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The city makes an obscene amount of money from "Aircraft Fuel".

I didn't even know that was something they collected, just kind of assumed the state would be.

But excise isn't a parking fee. It applies just the same if you park on the street in the North End, have a garage, or live in West Roxbury.

At least it's somewhat progressive, since a working person with an old Toyota pays about $35/year while a show-off with a new BMW pays several thousand.

Notify how? People often have to park blocks from where they live. They won’t see or hear anything unless they get a call or text from the BPD. Good luck with that.

You really want hundreds of people pulling onto the streets of the North End simultaneously, 10 minutes before sweepers show up?

They should to break down neighborhoods into even smaller sections and halve the amount they sweep every day. Also, do it every other week instead of weekly.

There are far less people in town so there's less of a need for regular sweeping.

Unless it's just a money grab during a global pandemic (which is entirely possible and wouldn't surprise me in the least either).

Why doesn’t the City hire people who want jobs to use brooms, shovels, etc that can clean the trash out and put it in place for the sweepers and trucks to pick up? Both sides of the street could be cleaned on one day instead of every other week. Probably would get cleaner streets doing it this way.

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What pathetic whining. Pay for your own parking you greedy babies. But who is surprised by anything Boston drivers do? Spoiled brats are going to throw temper tantrums. It’s what they do. The city has encouraged this behavior with all the welfare they give to drivers.

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temper tantrums...

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Just to show you he is going to stop at all stop signs and red lights, yield to pedestrians in crosswalks, AND not go the wrong way down one way streets. So there.

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A horse and buggy?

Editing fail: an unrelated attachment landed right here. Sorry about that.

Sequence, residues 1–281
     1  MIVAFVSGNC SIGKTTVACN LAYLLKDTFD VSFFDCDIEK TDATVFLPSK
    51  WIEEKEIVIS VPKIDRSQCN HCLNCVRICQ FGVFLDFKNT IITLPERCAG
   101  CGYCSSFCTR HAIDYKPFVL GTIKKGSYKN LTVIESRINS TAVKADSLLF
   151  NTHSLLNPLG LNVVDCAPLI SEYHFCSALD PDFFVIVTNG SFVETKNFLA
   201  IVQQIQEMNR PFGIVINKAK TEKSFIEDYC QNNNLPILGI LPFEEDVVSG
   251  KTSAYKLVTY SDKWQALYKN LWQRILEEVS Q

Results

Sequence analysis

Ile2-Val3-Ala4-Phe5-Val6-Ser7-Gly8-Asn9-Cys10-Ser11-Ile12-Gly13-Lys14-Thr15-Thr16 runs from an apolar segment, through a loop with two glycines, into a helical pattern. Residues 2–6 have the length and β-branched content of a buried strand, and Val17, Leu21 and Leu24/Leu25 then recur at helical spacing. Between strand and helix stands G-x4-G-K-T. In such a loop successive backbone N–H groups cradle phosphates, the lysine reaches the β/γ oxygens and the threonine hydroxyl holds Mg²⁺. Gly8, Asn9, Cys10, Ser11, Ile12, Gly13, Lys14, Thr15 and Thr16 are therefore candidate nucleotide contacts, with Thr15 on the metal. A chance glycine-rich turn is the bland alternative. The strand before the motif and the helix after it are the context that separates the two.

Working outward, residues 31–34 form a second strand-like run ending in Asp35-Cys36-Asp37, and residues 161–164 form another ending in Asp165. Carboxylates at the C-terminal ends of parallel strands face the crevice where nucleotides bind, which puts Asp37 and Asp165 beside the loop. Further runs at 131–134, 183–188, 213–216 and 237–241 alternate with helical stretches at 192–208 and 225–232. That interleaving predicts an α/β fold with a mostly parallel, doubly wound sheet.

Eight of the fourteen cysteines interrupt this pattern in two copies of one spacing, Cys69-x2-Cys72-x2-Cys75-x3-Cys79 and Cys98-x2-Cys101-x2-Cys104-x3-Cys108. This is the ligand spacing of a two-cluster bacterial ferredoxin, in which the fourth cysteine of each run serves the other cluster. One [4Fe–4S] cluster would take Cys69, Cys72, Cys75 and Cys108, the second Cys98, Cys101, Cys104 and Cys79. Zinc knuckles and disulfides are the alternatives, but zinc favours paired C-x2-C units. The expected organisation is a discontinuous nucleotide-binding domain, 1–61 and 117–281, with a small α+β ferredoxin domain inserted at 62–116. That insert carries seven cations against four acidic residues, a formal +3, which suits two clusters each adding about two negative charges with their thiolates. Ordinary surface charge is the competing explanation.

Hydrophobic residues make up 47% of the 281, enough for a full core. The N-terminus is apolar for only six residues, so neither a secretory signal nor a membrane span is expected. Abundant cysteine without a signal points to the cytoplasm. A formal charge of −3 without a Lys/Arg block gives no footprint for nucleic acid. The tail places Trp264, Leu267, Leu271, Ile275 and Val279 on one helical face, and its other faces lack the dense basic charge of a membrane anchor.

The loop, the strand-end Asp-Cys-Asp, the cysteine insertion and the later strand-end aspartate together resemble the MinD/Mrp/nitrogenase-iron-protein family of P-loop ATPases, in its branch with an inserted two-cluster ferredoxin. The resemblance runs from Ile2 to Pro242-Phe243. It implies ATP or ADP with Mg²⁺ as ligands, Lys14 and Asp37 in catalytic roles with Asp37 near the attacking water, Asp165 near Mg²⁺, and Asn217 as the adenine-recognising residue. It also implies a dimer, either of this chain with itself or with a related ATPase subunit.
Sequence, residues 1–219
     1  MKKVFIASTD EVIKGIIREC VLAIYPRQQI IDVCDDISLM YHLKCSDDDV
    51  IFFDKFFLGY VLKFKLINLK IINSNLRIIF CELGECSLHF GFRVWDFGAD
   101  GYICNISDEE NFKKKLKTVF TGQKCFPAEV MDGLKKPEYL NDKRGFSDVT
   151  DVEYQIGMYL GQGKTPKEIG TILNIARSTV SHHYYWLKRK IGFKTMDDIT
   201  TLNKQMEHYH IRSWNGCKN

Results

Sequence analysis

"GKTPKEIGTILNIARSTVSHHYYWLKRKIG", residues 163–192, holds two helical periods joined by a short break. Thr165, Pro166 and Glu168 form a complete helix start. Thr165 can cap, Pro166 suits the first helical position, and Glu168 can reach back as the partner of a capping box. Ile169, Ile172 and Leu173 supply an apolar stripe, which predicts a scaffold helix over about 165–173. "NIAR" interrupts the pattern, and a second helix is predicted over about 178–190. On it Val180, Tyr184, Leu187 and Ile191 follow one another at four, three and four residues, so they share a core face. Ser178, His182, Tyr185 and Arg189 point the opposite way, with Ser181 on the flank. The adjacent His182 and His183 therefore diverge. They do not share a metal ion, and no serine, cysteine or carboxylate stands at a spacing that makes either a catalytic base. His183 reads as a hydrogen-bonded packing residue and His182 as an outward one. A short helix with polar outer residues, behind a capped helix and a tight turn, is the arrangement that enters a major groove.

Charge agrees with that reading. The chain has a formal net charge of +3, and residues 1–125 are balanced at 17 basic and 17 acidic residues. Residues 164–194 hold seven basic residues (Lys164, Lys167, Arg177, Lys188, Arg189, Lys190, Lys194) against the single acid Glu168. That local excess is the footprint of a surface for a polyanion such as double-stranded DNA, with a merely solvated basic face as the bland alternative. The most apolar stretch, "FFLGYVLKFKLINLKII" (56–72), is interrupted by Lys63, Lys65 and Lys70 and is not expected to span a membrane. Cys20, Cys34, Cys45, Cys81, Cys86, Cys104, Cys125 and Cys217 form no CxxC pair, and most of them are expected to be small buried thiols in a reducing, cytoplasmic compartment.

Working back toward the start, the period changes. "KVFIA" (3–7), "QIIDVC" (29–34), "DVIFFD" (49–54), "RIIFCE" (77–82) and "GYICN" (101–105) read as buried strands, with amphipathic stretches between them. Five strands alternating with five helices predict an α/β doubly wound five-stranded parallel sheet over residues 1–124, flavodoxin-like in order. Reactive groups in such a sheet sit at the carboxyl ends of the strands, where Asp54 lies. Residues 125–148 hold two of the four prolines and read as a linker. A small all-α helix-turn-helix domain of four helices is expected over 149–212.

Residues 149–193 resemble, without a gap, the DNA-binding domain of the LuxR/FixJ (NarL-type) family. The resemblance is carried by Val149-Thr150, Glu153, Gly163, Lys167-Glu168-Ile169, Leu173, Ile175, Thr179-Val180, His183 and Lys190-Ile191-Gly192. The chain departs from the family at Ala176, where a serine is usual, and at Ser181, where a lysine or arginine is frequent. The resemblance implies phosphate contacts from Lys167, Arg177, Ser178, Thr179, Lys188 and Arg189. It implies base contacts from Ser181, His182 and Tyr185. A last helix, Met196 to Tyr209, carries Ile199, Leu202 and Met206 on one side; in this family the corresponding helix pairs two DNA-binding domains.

Boston drivers are indeed Welfare Queens.

We pay an excise tax to the city to have a car. So it’s not free. Unless you own a car in the city then you opinion doesn’t matter on this subject.

Did anyone think this through?

I mean, it's government who's running this, right? What do you think?

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Even without a car, I live in a neighborhood where every spot on every street is taken 24/7. Complaining aside, I agree with these points that I have no clue where cars could be moved to. They need to make some streets one-way and allow perpendicular parking temporarily.

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I have no clue where cars could be moved to.

I do. They could be moved to someplace else where they don’t block street sweeping on street sweeping days.

I am sympathetic, in that I live in a neighborhood where the number of locally registered cars with valid neighborhood stickers is over 5x the number of street parking spaces, but that’s nothing new for the North End and was already factored into the decision to own a car.

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I'm not all that interested in making moral judgments of these residents. Folks make choices based on the options available at the time, and it is a huge headache when the situation changes drastically underneath your feet (or car).

But one thing the pandemic has really made clear is how much of the cityscape - some of the most valuable real estate in the world - we've given over to car storage. Private vehicles that sit idle for the vast majority of the time, for free, on public spaces that could perhaps be better utilized for wider sidewalks, bike lanes, outdoor dining... in other words, for people instead of cars.